Friday, April 01, 2011

March for the Alternative in London

Some reflections on last Saturday's anti-cuts March for the Alternative in London (March 26th)... I knew it really was going to be a big one from the moment I left home. The fact of the demonstration was everywhere, graffiti, stickers, a bus full of people talking about the demo. I knew it was going to be bigger still when I got to Kennington Park to join the South London feeder demonstration (see pictures here). This was organised independently of the main demonstration, and the police had contacted the organisers in the week to urge them to cancel it, claiming it would be a tiny failure. In fact by the time we reached Westminster Bridge there were at least two thousand people on it, and I was already noticing that it wasn't just the usual political and union activists - there was my daughter's music teacher, some random people from work, even the guy who sits drinking at the corner of my road.

We crossed Westminster Bridge to the sounds of Get Up, Stand Up (Bob Marley version) on a bicycle sound system. I assumed we must have been near the start of the march because the crowd stretched as far back along the Embankment as I could see. But then I heard that the front of the demonstration had already reached Hyde Park.

The size of the crowd has been estimated as half a million, significant for a number of reasons not least of which is that this big a demonstration is almost beyond the need for representation. A small protest is to an extent dependent on the media to communicate its intent to the wider public, but in this case a good proportion of the public were actually there or would know somebody else who was. Half a million is more than one per cent of the adult population of Britain, and everyone who was there can probably think of 4 or 5 people who said they intended to go but couldn't because of family commitments, illness or other reasons.

The core fact of the demonstration - that a huge number of people are opposed to the cuts and are beginning to take action against them - was viscerally felt by everybody who was there, not to mention the many other people in central London who saw it. And many other people who weren't there would have heard about if first hand from somebody who was. In this context the fact that some of the press and TV coverage may not have accurately reported what happened is arguably less significant.

'Millionaire Boys Club' - 'Tax is for the little people':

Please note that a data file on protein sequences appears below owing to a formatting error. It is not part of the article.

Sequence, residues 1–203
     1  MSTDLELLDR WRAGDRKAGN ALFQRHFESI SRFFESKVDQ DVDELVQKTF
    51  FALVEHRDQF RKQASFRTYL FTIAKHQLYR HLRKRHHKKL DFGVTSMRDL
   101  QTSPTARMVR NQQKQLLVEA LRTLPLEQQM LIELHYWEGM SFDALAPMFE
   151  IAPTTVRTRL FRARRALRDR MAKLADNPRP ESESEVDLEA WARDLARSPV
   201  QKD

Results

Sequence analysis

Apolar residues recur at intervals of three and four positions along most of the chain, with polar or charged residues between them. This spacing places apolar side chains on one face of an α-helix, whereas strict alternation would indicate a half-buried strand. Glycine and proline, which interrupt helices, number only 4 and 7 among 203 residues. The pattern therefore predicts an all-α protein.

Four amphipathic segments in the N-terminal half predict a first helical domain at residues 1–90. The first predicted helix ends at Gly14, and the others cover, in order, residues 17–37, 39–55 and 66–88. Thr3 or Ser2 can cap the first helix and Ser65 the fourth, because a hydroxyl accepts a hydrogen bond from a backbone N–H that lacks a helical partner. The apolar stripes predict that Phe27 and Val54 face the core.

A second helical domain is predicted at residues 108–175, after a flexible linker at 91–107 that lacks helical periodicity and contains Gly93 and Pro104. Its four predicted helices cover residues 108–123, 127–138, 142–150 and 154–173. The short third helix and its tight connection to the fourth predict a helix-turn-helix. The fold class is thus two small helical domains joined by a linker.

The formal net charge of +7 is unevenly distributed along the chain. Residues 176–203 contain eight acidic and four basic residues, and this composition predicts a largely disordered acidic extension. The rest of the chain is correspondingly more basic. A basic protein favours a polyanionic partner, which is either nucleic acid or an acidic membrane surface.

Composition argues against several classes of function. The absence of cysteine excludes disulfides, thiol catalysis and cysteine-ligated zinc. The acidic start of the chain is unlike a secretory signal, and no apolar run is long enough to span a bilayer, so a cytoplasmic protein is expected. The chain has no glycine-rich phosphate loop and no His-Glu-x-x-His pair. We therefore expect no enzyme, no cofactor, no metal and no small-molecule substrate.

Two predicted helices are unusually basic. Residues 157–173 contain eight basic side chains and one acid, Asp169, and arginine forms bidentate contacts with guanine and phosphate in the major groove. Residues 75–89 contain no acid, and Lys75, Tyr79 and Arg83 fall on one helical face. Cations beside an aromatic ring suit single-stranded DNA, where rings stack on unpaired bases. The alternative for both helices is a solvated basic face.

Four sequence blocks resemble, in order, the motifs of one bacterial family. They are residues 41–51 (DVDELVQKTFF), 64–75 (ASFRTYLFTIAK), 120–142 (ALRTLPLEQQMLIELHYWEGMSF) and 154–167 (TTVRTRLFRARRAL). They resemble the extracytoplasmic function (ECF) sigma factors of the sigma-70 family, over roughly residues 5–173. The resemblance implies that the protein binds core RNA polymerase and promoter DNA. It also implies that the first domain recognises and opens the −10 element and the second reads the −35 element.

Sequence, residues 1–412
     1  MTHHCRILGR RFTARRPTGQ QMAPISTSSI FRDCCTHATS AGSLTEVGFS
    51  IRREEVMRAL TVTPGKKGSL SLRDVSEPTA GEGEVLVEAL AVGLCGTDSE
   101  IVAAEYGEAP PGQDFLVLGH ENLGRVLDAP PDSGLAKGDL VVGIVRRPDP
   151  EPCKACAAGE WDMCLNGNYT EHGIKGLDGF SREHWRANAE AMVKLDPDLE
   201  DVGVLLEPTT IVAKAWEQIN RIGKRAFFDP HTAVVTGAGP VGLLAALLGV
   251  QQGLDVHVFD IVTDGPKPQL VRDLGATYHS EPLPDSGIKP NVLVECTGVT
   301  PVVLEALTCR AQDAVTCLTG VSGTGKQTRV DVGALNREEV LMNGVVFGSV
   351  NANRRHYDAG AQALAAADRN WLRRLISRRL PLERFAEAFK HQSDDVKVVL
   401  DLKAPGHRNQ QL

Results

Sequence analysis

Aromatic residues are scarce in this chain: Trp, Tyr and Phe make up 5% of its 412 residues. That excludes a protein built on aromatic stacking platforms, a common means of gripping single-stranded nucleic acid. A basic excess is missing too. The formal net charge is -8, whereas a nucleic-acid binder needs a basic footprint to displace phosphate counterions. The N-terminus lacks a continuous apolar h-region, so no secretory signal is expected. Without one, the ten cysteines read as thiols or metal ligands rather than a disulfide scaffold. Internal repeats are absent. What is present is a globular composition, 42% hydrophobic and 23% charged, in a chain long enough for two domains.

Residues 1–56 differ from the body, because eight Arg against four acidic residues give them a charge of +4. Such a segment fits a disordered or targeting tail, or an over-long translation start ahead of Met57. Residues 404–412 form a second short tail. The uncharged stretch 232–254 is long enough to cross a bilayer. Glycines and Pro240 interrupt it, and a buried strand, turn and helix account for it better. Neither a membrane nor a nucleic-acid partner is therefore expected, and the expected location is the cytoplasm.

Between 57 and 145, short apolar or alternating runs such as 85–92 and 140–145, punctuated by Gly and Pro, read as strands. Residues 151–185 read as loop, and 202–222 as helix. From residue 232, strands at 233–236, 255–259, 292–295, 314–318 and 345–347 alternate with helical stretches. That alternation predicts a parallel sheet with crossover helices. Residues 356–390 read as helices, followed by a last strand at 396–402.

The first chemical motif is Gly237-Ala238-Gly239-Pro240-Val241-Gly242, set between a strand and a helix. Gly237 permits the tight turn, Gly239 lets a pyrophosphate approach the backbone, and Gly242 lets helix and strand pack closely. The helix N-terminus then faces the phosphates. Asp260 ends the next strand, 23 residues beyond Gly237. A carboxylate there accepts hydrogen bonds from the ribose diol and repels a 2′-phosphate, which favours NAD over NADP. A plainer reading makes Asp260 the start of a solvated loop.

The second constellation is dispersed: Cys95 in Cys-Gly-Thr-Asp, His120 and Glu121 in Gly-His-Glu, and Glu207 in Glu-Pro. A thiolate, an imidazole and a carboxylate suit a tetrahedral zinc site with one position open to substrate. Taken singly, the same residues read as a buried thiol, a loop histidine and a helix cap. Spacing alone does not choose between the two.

Trafalgar Square - 'Strike like an Egyptian':

Much of the commentary since the march has focused on a supposed distinction between the peaceful main demonstration, the non-violent direct action of UK Uncut (including the occupation of posh food store, Fortnum and Masons in Piccadilly) and riotous 'Black Bloc' anarchists. Of course a great diversity of tactics was in evidence and not everybody agreed with everything that was going on , but things were much more fluid than a categorisation of the crowd into three distinct blocs would suggest.

There were thousands, maybe even tens of thousands of people, who headed off the main march route into the West End with a sense of wanting to take things a stage further than just a rally in Hyde Park. All round Mayfair, Oxford Street, Piccadilly and Trafalgar Square there were people in the streets. This crowd was much more diverse than just young people in black, all kinds of folk were hanging around caught up in the excitement. A sense too that while not everybody was up for it, many were glad that people younger, fitter and with less to lose than them were acting out the rage they felt.

The actual violence was fairly sporadic and limited, as was the window breaking - what was much more widespread was a diffuse sense of wanting to go beyond business as usual.
Sound Systems
Lots of sound system action - ranging in sophistication from back packs, via speakers in bike baskets to sophisticated bike trailers. Thought I saw Rinky Dink Sound System, one of the original cycle powered rigs from Reclaim the Streets in the 1990s.

There was a sound system next to the line of riot police outside the occupied Fortnum and Mason's (above), and while I was there another one cycled past seemingly called the Tolpuddle 6 sound system, complete with pictures of the Dorset agricultural workers transported to Australia for starting a union in the 1830s. They were playing Got to be Real by Cheryl Lynn, great 70s disco classic and indicative of the diverse music being played on the day. I heard drum & bass, dancehall, reggae, punk, techno and dubstep - including this guy doing human beatbox wobbly bass dubstep in Trafalgar Square:

Back pack sound system:

Sound system in a push chair:

Tolpuddle 6 Sound System:

Also heard reports that at Oxford Circus the crowd chanted the Star Wars Imperial Stormtroopers theme at police - as widely used on the student protests before Christmas.


Raimo said...

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These massive deliveries of iron ore and military facilities from Sweden to Nazi Germany lengthened World War II. Casualties of the war have been estimated at 20 million killed in Europe. How many of them died due to Sweden's material support to Nazi Germany, is not known.

The Swedish drinking toast (skal) has a rather macabre background; it originally meant 'skull'. The word has come down from a custom practiced by the warlike and terrorist Vikings who used the dried-out skulls of their enemies as drinking mugs, with the evident advantage that the mug held a large quantity of mead and could be easily replaced.

The Viking raids are remembered: Spanish-speaking mothers warn their children that if they do not behave, the Norwegian (el noruego) will carry them off.

Mr. Xploit, Esquire said...

Looks like a really great demonstration! nice job!